## Formalising Ontologies and Their Relations (1999)

Venue: | In Proceedings of DEXA’99 |

Citations: | 30 - 1 self |

### BibTeX

@INPROCEEDINGS{Bench-capon99formalisingontologies,

author = {Trevor Bench-capon and Grant Malcolm},

title = {Formalising Ontologies and Their Relations},

booktitle = {In Proceedings of DEXA’99},

year = {1999},

pages = {250--259},

publisher = {Springer}

}

### Years of Citing Articles

### OpenURL

### Abstract

. Ontologies allow the abstract conceptualisation of domains, but a given domain can be conceptualised through many different ontologies, which can be problematic when ontologies are used to support knowledge sharing. We present a formal account of ontologies that is intended to support knowledge sharing through precise characterisations of relationships such as compatibility and refinement. We take an algebraic approach, in which ontologies are presented as logical theories. This allows us to characterise relations between ontologies as relations between their classes of models. A major result is cocompleteness of specifications, which supports merging of ontologies across shared sub-ontologies. 1 Introduction Over the last decade ontologies --- best characterised as explicit specifications of a conceptualisation of a domain [17] --- have become increasingly important in the design and development of knowledge based systems, and for knowledge representations generally. They...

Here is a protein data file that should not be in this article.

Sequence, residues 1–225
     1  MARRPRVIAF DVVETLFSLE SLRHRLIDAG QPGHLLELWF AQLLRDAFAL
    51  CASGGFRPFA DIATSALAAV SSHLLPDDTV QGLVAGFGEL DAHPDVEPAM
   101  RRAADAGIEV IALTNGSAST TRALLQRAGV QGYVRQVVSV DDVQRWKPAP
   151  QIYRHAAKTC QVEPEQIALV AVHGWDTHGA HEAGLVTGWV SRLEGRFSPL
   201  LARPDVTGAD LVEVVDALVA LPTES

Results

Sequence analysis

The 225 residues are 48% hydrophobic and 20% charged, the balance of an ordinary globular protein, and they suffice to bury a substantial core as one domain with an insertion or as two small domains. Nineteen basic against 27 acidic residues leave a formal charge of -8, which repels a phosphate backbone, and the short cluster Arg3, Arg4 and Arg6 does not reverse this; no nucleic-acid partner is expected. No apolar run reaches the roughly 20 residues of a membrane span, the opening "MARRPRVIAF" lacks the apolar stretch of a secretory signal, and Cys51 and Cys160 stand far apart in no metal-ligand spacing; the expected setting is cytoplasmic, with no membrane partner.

### Citations